So, if you aren’t giving 10% of your income to God through His Church, I encourage you to start. Maybe you don’t think you have the faith or money you need to jump right into 10% giving. Then start with a lesser amount and work your way there. Don’t just talk about it. Make a plan. How will you work your way to 10% giving? How long will it take? One year? Two? Five? Make a plan and then implement it. Perhaps you could start with 3% or 5% and gradually work your way up to 10% in a year or two. It can be done. I know it, because Kelly and I started tithing when we didn’t have any money—in our early 20s when our combined income was probably less than $15,000 a year. The good thing about tithing is when your income is small, your tithing is small. If your income is only $10,000 per year, your annual tithe would be $1,000 per year (or $83 per month or $19 per week). As your income increases, your tithe will increase; but by then tithing will already be part of your habit and you won't have to struggle with it.
Christians are called to begin with a tithe, and then go further. Just because you are already giving 10% of your income doesn’t mean you cross your arms and proudly exclaim, “I’m done! I don’t have to give anymore.” Remember what the old hymn says? “Jesus gave it all! All to him I owe!” Therefore, always look for how you can give more to Jesus. You will find it is a great blessing to give.
The Spiritual Gift of Giving
All Christians are called to give. However, just like some Christians have the gift of music or the special ability to preach, other Christians are empowered by the Holy Spirit with the special ability to give in order to help transform our world. Those with the spiritual gift of giving have a special ability to understand the material needs of others and then give generously beyond the normal standard to meet those needs.
A giver’s basic motivation is to live frugally and save as much as they can so they can give as much as they in order to help others. Givers take special delight in figure out needs that most people overlook and then meeting those needs. Givers delight to find less expensive ways to do things, so that the Church gets the most bang for their buck. A giver’s family often thinks they are cheap—too concerned about counting pennies—but the people to whom they give think they are extremely generous. Saving resources brings a giver almost as much pleasure as giving them, because they regard saving as the key that opens the door to even more resources. They seem to be able to accumulate savings, even in hard times. Lastly, most givers prefer to stay out of the spotlight. They often give anonymously in order to avoid recognition. Their reward is knowing God’s Kingdom is thriving because of their gift.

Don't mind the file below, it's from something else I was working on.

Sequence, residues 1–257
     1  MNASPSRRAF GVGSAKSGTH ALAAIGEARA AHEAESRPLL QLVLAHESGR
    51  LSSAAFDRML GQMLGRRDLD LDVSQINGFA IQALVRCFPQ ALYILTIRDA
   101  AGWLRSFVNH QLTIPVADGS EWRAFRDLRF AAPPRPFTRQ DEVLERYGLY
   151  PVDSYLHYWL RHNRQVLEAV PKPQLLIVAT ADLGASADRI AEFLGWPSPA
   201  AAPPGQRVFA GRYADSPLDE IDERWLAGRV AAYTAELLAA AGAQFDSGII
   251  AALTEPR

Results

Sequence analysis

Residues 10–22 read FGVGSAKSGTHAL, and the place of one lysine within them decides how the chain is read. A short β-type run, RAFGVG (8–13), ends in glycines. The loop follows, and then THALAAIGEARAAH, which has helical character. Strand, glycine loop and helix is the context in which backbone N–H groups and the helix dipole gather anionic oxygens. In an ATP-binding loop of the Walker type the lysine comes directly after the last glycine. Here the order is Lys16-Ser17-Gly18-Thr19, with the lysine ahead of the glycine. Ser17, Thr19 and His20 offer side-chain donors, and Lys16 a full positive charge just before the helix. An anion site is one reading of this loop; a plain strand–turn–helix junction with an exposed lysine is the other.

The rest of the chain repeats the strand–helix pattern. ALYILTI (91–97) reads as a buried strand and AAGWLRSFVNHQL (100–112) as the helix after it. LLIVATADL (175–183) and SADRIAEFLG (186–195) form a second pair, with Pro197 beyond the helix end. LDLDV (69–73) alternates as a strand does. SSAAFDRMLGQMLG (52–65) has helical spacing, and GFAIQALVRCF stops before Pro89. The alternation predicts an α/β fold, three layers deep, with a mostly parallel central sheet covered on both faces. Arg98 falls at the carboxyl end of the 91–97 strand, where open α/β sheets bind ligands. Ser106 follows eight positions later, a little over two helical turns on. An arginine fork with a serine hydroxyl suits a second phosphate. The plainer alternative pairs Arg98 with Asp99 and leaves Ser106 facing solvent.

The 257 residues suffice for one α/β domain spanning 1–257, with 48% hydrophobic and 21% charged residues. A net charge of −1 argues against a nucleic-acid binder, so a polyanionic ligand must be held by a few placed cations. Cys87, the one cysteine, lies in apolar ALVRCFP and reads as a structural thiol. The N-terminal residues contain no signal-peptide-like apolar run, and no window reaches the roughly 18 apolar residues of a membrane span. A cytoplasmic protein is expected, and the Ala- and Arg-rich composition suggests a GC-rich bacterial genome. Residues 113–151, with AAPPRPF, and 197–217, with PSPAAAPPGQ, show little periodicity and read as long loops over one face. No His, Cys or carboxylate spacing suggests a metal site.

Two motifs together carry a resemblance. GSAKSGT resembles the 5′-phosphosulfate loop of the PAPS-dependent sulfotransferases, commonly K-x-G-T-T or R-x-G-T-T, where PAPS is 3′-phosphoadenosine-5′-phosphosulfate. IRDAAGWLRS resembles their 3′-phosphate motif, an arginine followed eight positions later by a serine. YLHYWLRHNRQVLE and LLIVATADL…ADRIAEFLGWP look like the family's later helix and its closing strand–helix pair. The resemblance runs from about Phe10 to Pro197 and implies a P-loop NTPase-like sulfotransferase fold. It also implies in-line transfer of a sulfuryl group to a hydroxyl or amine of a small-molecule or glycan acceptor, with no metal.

Strengths and Weaknesses of Givers
Spiritually gifted givers have some great strengths to offer God’s Kingdom. They tend to avoid impulsive spending. They understand authority and expect to be held accountable and diligently hold others accountable. They are usually hard workers with conservative values. They often like to be personally involved in the lives of the people in whom they've invested. Givers manage their money well and hardly ever spend more than they make or incur debt. Givers love to motivate others to save and to give generously.
However, with those strengths come some weaknesses givers should avoid. Sometimes a giver’s efforts to conserve resources can degenerate into being “cheap.” They might sacrifice quality for quantity or even miss a good opportunity altogether because they are unwilling to spend. Spiritually gifted givers sometimes come to care more about the money than what the money can do for God’s work. So, givers need a strong prayer life to know what God is doing and also the faith to give when God calls them to spend on His Kingdom work. Pride can become another great weakness for givers. They may become proud of their great resources and their ability to influence with their money. If offended, givers may resort to withholding their giving as a weapon, letting their feelings interfere with God-given opportunities to give. Furthermore, givers sometimes get too focused on one issue they see as a priority and ignore other issues that may be important to others or may be even more important to God’s Kingdom work.
Do You Have the Spiritual Gift of Giving?
Do you have the spiritual gift of Giving? Do you have a knack for saving money—both by putting it away and also by getting a good deal? Do you enjoy helping others more than spending on yourself? Are you a hard worker with integrity, able to be held accountable for the way you use the resources God gives you? Are you using your spiritual gift to have the greatest impact possible for the Kingdom of God? As we get ready to close, I want you to pray about it.
As we close, I want to share one more story. When I was a young minister—about 26-years-old and just starting out in the ministry. I left a good paying job as the director of quality assurance at 1888 Mills to work as a youth director at a small church. Our first child, Gavin, was just a baby. Part of my job was to lead worship for our church’s youth group. I had an old guitar that was barely adequate. It seemed like it broke a string just about every time I played. Then I’d have to stop the service and take 5 minutes to put anew string on and retune (and you just couldn’t get it tuned right in that type of situation). One of my volunteers, Eddie, called me and said, “Chris, meet me up at guitar center today. I want to buy a guitar and I want your advice…”